Shedding Light on the New Lightbulbs

by Gina Blitstein · 2 comments

For decades – and up until just a few years ago – lightbulbs were relatively uncomplicated. Recently, however, technology has developed more energy-efficient bulbs which are not as straightforward to understand. Gone is the simplicity of the incandescent 60-Watt, 75-Watt, 100-Watt and 3-Way. Today there are a lot more bulbs from which to choose. New bulbs not only look different, but the light they produce, the way they’re described and their price can all be significantly different.

What makes an energy-efficient bulb different from a traditional incandescent? Standard bulbs require heat in order to light up. Less heat production means greater energy efficiency and less cost to operate.

A glossary of lightbulb terms

  • Wattage (Watts) – The amount of electricity consumed by a light source
  • Lumens – The amount of light that a light source produces
  • Incandescent – The standard lightbulb we’re most familiar with which creates light by heating up a wire filament inside the bulb
  • Compact Fluorescent Lightbulbs (CFLs) – This is simply a curly version of the familiar tubelike fluorescent lights. While a CFL can cost five to ten times as much as its standard incandescent counterpart, it will last up 10 times longer while requiring 75% less heat to operate. Bear in mind that cheaper CFL bulbs can be particularly fragile, especially when hot, so be careful not to jostle them while in use. They’re also prone to shorter life when they are turned on and off frequently or if there are voltage fluctuations.
  • Halogen Incandescent – These look like standard bulbs but the heat they create using halogen gas is concentrated to light an area within the bulb, instead of being dispersed throughout the bulb. These bulbs cost about the same as CFLs. Compared to a standard incandescent bulb, they last three times longer and, over the course of a year, cost approximately $3.50, versus $4.80.
  • Light-Emitting Diode (LEDs) – These bulbs operate when electrons are moved through a semiconductor material. They are the most expensive bulbs on the market but they last the longest – up to 25 times longer than a standard incandescent bulb – while costing just $1 to operate over the course of a year.

According to the U.S. Federal Trade Commission, all newly-manufactured lightbulbs are labeled to indicate the number of lumens, rather than watts, since it’s the lumens that actually indicate the bulb’s brightness. This information will help you compare different types of lightbulbs to achieve your desired level of brightness. A helpful resource for choosing the right bulb for the purpose is the EnergyStar Choose a Light Guide. Also, refer to this handy chart to compare the lumens and cost of operation among various lighting sources.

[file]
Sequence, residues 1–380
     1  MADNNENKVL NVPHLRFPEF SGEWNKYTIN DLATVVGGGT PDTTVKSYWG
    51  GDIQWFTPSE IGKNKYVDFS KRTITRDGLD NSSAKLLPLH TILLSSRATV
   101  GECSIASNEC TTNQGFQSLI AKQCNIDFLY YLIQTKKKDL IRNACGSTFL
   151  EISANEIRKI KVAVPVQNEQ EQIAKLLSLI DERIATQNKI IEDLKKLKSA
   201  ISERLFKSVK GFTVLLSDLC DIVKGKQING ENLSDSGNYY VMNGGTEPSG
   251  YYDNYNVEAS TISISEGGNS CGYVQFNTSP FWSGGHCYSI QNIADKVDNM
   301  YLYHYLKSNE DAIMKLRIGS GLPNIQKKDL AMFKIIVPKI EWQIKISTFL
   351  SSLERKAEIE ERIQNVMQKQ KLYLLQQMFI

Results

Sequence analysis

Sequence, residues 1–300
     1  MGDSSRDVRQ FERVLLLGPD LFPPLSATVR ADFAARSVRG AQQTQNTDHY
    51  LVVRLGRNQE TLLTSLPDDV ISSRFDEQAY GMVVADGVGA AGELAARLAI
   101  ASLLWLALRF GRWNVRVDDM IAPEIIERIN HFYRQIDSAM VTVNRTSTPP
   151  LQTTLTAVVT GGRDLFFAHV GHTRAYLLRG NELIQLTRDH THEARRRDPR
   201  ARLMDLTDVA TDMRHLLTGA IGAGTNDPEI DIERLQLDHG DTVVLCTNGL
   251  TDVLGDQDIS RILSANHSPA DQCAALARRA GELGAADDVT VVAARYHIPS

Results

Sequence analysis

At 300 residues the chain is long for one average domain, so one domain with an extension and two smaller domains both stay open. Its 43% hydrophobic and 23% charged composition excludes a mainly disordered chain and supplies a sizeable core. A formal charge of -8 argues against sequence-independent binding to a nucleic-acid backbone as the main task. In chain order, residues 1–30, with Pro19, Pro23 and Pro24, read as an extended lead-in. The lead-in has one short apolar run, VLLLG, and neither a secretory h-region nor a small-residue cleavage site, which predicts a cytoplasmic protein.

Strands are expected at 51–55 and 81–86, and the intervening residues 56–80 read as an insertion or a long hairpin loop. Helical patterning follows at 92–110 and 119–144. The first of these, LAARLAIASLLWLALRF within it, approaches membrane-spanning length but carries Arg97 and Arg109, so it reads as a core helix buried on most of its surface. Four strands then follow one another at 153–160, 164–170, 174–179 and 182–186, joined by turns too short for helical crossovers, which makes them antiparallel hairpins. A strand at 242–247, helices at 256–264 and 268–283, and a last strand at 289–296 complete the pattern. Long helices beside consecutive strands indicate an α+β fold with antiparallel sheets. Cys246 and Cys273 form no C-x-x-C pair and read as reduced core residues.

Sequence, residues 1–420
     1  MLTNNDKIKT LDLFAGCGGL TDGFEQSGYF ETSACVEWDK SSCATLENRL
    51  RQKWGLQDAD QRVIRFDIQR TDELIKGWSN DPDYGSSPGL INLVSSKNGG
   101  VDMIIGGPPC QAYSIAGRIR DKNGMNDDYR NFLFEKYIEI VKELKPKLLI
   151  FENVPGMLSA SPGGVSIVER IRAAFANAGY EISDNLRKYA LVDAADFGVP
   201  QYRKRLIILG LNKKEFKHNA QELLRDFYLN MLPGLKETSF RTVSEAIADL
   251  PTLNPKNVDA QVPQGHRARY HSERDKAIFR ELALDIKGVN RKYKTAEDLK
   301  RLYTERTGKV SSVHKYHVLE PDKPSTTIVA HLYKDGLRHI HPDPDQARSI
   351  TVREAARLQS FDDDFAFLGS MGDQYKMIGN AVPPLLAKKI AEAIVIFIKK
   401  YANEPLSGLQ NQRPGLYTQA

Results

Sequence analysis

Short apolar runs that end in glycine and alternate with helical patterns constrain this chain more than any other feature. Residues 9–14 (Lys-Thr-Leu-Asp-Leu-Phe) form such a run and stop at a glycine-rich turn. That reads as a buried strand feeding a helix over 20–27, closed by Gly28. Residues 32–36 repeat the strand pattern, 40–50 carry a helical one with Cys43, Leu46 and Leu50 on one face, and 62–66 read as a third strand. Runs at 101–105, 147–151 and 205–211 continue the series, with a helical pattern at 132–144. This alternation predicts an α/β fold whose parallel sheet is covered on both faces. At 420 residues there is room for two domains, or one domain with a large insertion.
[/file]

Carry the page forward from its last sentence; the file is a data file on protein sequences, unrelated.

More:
Among other things, the new Lighting Facts label will provide information about the bulb’s:

  • Brightness
  • Energy cost
  • Life expectancy
  • Light appearance (for example, “warm” or “cool”)

To wrap up this enlightening discussion, let’s answer a couple final questions:

Why are new lightbulbs so expensive, compared to traditional incandescent bulbs? Because of the technology necessary to develop and manufacture these new bulbs, the cost is higher to the consumer. The American Lighting Association recommends, “Just as you would invest in an appliance you expect to use for years, buying a light bulb today requires more of an initial investment but yields much greater returns in terms of energy savings and operating life.”

How much money do new lighbulbs save over time? According to the U.S. Department of Energy, upgrading 15 incandescent bulbs in your home could save you $50 per year.

These facts will help you choose the right bulb – and with energy-efficient bulbs, you’ll save no matter which you choose.

What’s been your experience with energy-saving lightbulbs?

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{ 2 comments… read them below or add one }

Archinede Ziviello Jr March 5, 2013 at 7:14 pm

I do not like the new light bulbs. They are not bright enough when first turned on and still not as bright when left on like the old style bulbs were. As for the longer life of the new bulbs I have yet to have one last nine months of constant use. As for the much higher cost for the new type bulbs I feel they could come down in cost for me to want to continue using them. I expect that will never happen as the decision to go to the new style is set in stone. I’ll have no choice then to purchase them.

Stephen Bolter March 30, 2013 at 4:35 pm

Expanding on what has been written, I use LED’s everywhere and in 12volt mode (don’t have a transformer on every bulb).. You can drive a 12 volt system with old cell phone chargers (they manage their own load) You will need an elecrician to isolate the lighting circuts and install the phone charger, from then on you are working in 12volt and not subject to the dangers of 240 or 110. Also it’s legal to work with 12volts.
By isolating the lighting to 12 volt LED’s you save a lot of money on Total Cost of Ownership (TCO) as well as provide the oportunity to install a connection to a car power supply for lighting the house during Power Network failure.. (everything else is out execpt you can make the lights go, all you need is a lead and a switch to redivert the source..
I have also explored using Infra Red detectors to turn the lights on & off as you enter or leave the room, this saves power and effectively solves the problem of family members that know how to turn lights on but don’t know how to turn them off…. using Red LED’s in the bathrooms and warm low brightness LED’s in the hallways solves the problem of waking up too much when getting up in the night, Red is very soothing…

If anyone has any questions please email…

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